They warn against the use of Ouija boards by the layperson who doesn’t know how to protect him/herself.

Kass here again.

Personally I don’t quite know what to believe about the spirit world but if Ouija boards can open a portal to the other side, I think it is very wise to avoid them. (Google “psychics and Ouija boards” if you don’t believe us.)

If a spirit can indeed enter your mind (when you’ve invited it in via the board), that spirit would then be able to use the board to communicate. The spirit could influences your thoughts (you would not necessarily be consciously aware of that influence nor even the thoughts themselves). Those thoughts then would move the planchette via ideomotor response.

I’m very grateful that my friends and I never asked to contact the spirit world with our Ouija boards.

Do any of you have cautionary tales you are willing to share about Ouija boards? Any thoughts or questions about ideomotor response?

Posted by Kirsten Weiss, author of paranormal mystery novels and the Riga Hayworth Metaphysical Detective series and Kassandra Lamb, retired psychotherapist and author of the Kate Huntington mystery series.

We blog here at misterio press on Tuesdays, sometimes about serious topics, and sometimes just for fun.

Please follow us so you don’t miss out on any of the interesting stuff, or the fun! (We do not harvest, lend, sell or otherwise bend, spindle or mutilate followers’ e-mail addresses.)

The Pool From Which We All Drink

It was always our hope here at misterio press to make this blog more a group effort. We are pleased that this idea is now coming to fruition. Kass Lamb will still be doing her Mental Health posts a few times a month but we will now have other authors from our group contributing on other topics, mainly of a paranormal and/or true crime bent.

Today, Catie Rhodes brings us one of her favorite topics as the first installment in Transcendental Tuesdays. Take it away, Catie!

The Pool From Which We All Drink

CatieRhodes-200x300

Catie Rhodes

Some time ago, I read Lisey’s Story by Stephen King. As always, when I finished the book, I read his author’s notes. The first sentence of the first paragraph reads:

There really is a pool where we—and in this case by we I mean the vast company of readers and writers—go down to drink and cast our nets.” – Stephen King

Folklore interests me for this very reason. Seeing bits and pieces of the same tales from all over the world fascinates me. The universality of our existence makes us have similar fears and similar hopes. All we do is put little touches and little splashes of color over the same themes and ideas. The thought of it is humbling.

For an example, let’s look at “The Phantom Coach of East Texas” and talk about how it connects to the rest of the world.

The following is a summary of the story. If you’d like to read the original, check my sources at the end of this post.

The Phantom Coach of East Texas

The legend of the phantom coach in East Texas was collected from a former slave named Ben Smiley. It takes place in pre-civil war East Texas on the Ayish Bayou.

In this era, people came from miles around to gather in one another’s homes for socials.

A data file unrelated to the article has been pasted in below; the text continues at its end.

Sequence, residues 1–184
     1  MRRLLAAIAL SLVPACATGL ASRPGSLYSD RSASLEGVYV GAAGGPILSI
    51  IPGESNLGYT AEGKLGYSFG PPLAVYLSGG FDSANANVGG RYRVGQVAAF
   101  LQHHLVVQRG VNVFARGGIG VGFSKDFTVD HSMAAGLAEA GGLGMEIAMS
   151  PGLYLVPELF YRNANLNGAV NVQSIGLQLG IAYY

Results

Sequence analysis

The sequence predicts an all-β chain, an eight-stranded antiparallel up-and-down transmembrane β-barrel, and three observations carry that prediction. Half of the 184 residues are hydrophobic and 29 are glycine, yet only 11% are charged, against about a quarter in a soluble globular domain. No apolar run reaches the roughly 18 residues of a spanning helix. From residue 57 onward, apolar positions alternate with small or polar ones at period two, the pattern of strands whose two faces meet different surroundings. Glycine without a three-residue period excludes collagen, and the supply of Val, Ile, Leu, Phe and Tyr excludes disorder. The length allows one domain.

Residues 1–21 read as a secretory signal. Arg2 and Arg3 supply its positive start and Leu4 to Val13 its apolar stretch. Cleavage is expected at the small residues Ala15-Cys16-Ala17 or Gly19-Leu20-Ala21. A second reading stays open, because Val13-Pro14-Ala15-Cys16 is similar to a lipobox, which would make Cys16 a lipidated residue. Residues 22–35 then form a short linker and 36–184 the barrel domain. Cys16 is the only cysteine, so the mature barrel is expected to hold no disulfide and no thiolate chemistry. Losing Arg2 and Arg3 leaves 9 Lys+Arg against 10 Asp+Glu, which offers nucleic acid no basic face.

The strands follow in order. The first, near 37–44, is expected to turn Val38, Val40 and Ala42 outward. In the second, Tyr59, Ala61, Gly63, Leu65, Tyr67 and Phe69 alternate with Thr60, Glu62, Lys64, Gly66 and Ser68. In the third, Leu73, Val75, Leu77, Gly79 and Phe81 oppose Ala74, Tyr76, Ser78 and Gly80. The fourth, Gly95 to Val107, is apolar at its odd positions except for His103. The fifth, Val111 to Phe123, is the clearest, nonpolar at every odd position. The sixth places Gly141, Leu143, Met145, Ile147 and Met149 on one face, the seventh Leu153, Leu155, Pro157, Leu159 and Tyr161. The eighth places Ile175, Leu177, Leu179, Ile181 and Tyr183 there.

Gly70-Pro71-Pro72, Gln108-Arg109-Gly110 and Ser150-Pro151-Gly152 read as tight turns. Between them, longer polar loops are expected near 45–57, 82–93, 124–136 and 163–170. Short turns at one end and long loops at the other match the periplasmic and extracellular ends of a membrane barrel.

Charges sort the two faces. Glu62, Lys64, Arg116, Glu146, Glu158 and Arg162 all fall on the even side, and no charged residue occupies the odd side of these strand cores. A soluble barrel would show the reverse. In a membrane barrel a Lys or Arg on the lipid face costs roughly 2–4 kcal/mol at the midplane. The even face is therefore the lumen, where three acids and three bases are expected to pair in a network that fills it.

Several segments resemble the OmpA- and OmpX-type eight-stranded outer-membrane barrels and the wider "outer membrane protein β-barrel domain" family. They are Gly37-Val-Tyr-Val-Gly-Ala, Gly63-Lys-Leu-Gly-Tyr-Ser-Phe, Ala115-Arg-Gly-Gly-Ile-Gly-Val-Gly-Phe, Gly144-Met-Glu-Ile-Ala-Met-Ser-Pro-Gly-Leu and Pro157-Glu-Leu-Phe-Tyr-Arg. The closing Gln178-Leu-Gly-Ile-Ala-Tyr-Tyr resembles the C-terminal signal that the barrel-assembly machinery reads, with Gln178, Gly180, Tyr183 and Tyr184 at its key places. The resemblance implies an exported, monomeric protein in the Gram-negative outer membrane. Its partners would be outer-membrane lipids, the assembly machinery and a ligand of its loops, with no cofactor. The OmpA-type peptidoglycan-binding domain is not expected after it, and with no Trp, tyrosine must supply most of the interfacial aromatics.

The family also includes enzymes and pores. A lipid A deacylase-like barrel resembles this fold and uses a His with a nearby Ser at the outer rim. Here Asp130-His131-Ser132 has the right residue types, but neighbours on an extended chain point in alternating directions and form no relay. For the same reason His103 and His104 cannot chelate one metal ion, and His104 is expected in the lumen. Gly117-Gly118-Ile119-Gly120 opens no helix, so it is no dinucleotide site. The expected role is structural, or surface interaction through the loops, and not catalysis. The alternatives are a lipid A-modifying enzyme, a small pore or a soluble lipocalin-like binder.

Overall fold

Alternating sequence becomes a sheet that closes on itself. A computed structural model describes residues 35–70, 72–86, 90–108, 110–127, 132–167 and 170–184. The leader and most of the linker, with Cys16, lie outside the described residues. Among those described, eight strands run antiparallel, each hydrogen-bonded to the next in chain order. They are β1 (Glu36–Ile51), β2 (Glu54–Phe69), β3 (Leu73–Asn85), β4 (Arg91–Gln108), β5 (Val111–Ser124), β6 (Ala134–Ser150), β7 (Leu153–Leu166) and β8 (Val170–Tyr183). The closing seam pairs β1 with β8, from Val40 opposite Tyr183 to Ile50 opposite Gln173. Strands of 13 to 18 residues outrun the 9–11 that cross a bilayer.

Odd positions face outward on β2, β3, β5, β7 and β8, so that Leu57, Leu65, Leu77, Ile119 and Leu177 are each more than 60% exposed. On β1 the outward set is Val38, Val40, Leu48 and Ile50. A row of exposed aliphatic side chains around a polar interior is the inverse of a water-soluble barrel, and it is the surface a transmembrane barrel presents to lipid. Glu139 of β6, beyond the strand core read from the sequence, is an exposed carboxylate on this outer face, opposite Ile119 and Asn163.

a social of the 1800's

These gatherings provided a chance for young people to court. At one such gathering, the daughter of a local planter fell in love with a young man from one of the visiting families. Soon afterward, on the night of the harvest moon, the girl’s father held a social at their home to announce her engagement to the boy.

The young couple slipped away from the social to take a moonlight ride in one of the coaches. As was customary during the era, the slaves whose job it was to drive their owners to the social stood around the fire outside swapping tales. Ben Smiley, from whom this story was collected, was among these men.

The sound of hoofbeats and the rattle of a carriage moving interrupted the men’s swapping of tales. One of them ran to stop the carriage. He spoke to the newly engaged couple who told him they would be back soon. He let them go, and the couple was never seen again.

No one could explain why the couple would have eloped. Both sets of parents were happy about the engagement. The community was excited for the couple. The slaves speculated the couple was spirited away by demons.

Years passed and the incident was forgotten by everybody except the missing couples’ parents. The father of the young woman who had disappeared had a social on the night of the harvest moon. Once again, the slaves stood around the fire outside swapping stories.

The coachman who had tried to stop the couple years before was in the middle of telling a story, but he stopped to stare down the dark, pine tree-lined drive in front of the house. His face grew slack with alarm. The other slaves turned to see what had upset him.

All of the slaves saw a gold, shapeless glow emerge from the pine trees and move noiselessly toward them. In the glow, they saw the shape of a carriage—which was being drawn by a force other than horses. The figure of a woman sat inside coach. The coach passed the horrified slaves slowly and without sound and faded into the fall night.

Ben Smiley, the teller of this tale, was convinced the ghost of the girl who had disappeared so many years before sat in the coach. As the legend goes, the phantom coach and its ghostly passenger came up her parents’ drive each harvest moon until they died.

Great story, right?

Versions of this story are known in Italy, Spain, England and Ireland.

In England

In England, the most famous occupant of a phantom coach is none other than Anne Boleyn, the second wife of King Henry VII. After her failure to produce a male heir, Anne’s relationship with the king deteriorated. He had her charged with treason and sentenced her to death.

Anne Boleyn’s ghost has been been seen in the grounds of Blickling Hall, which was the Boleyn family home. She is dressed in white and sits in a ghostly carriage. Anne, the carriage’s horses, and the coachman are all headless. Anne holds her severed head in her lap.

Blickling Hall and grounds